Friday, November 28, 2014

Boatrocker Brewery Show

About a fortnight ago (a month ago now, it took some time to publish this. Why don't you sue me!?) Luke and I did a show with Matt Houghton at Boatrocker Brewery.

Not knowing much about where Braeside is (which is much closer to my house than I ever realised...) we jumped on trains with our bikes and peddled on out to the industrial area to where we figured the brewery site was.

The clue that we found was the boat suspended over the roller door with the word 'boatrocker' painted on it. Reasonably sure we'd found the place.

The first sight as you pass through the door at the brewery is one that makes ridiculous geeks such as Luke and myself suddenly vague and distracted.

Barrels. Just barrels as far as the eye can see.

Now, maybe there were 35 or 40 barrels but my vision was so focussed that it was certainly as far as my eyes could see.

Matt gave us a little tour of the brewery, which is smaller than I probably thought it would be, and having noticed that we'd cycled out to the site he offered us some glasses of water and some refreshing tank samples of berliner weiss that will eventually go into chardonnay barrels and become their Mitte.

Even though we'd ridden the bikes basically no distance and really slowly, that berliner weiss really hit the spot as a thirst quenching, low ABV winner. We dicsussed the possibility of this being packaged without any of it's brettanomyces or barrel treatment as a straight berliner weiss option for the masses. It's a possibility at this stage, but not scheduled. That would become a mandatory fridge option for me so damn fast.

My eyes strayed back to the wall of barrels. Does that say “Flemish Red” on it? God damn, is that the new batch of Ramjet sitting there, just soaking in the whiskey from the New World Distillery barrels?

This was seriously poor etiquette, given that I wasn't paying Matt the full attention he deserved on account of being smitten by his barrel program so when he said “Do you guys want to sample from the barrels?” I nearly got whiplash from snapping my head back to look in his direction.

Like little kids in a candy store we giddily watch Matt scale the ladder and carefully extract some samples from a barrel into a pitcher for us to stand around and drink like the entitled nothings we are. Matt lovingly replaces the nail to the barrel and sanitises the areas that were disturbed.

Matt is undertaking an ambitious barrel program, treating his already acclaimed Ramjet imperial stout and Sterk and Donker Quad, as well as some new wild and Belgian style ales. He's not doing anything by half. Most of the beers in barrels have been in barrels for 12-18 months with some being held for up to three years, so this is all relatively young beer that we're tasting.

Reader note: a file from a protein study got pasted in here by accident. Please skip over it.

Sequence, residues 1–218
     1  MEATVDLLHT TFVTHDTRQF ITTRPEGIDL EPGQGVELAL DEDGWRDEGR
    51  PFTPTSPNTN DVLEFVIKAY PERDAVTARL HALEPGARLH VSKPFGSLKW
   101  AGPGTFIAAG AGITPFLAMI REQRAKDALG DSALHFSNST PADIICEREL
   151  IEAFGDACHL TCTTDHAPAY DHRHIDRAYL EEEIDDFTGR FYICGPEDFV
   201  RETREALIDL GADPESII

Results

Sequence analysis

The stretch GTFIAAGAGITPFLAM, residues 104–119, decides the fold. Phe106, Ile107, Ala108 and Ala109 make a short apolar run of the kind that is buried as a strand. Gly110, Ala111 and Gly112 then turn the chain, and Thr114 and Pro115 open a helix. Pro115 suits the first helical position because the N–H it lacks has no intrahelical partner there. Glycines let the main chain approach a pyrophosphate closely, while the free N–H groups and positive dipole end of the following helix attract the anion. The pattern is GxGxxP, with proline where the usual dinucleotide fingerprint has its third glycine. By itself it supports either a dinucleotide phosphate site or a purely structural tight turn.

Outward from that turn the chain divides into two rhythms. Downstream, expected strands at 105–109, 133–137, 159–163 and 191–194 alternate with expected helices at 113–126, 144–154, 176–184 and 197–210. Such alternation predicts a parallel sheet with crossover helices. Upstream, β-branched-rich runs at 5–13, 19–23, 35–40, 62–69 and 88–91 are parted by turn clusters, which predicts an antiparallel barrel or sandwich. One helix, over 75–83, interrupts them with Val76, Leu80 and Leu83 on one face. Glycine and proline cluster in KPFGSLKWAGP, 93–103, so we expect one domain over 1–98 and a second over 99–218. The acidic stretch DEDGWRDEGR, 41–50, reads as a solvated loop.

The first sample we try is a saison that's been in barrels for 5 months and already has the aroma of a world class saison, matched with a flavour that is going to be lots of fun.

Matt starts telling us about the newest batch of Ramjet which is currently sitting in barrels and the reason why it might not have exactly the same flavour profile as the previously adored batch.
Matt gets his whiskey barrels from Starward Whiskey, who are now New World Distillers (I might have part of this wrong, but it's really not pertinent to this part of the story) and he gets them from New World because he has a couple of good contacts there that have helped him establish that relationship to access barrels for aging.

These contacts 'sorted Matt out' on the most recent lot of barrels and these ones came across with more whiskey left in them than any of the previous lot, in fact when the brewers properly drained the barrels they extracted about half a litre of excess whiskey left behind.

Huge result for Matt and his staff. Also a huge impact on the beer that would go in to these barrels.

Ramjet version 1 was a luxurious 10.2% imperial stout. The same beer in these soaked barrels sit at around 15% ABV and is whiskifully massive. Those that know me are aware that I have a huge dislike for most beers over 10 or 11 % because of the omnipresent alcohol sweetness that is the backbone of most of these kinds of beers.

Not so with this one though. The alcohol is definitely noticeably high, but the character of the beer is all in the malt bill. It's hugely enjoyable in it's 15% state. Relax though, geeks. The next Ramjet won't be a 15% imperial stout. Matt will be blending this version of the beer with an unbarreled version to smooth out the packaged product which will be an improvement across the board, no doubt.

I'm not going to go through each individual beer that we sampled on the day but there were clearly some standouts that are worth mentioning.

Firstly the barleywine is huge. On paper that is. It's 14.2% (maybe not exactly that, but in that vicinity) but it drinks way under that. English styled, malty as all hell but drinking really smooth already. By the time this baby is ready it's going to be extremely fun and a really great one to stash away for rainy days of future years.

The most exciting one thought was a p-lambic. Pseudo lambic, as it's accurately labelled given that it's not made in the correct region of Belgium. What are you supposed to call it? I don't know. P-lambic works for me. Anyway, this is the most exciting one of the day. It's still really young, only about a year in the barrel, but already the aroma smells exactly like a Belgian lambics that we've come to adore. It's the most promising Australian sour beer that I've tasted. It already tastes very good, but there's plenty more development to come so this one is probably now my most anticipated Australian beer.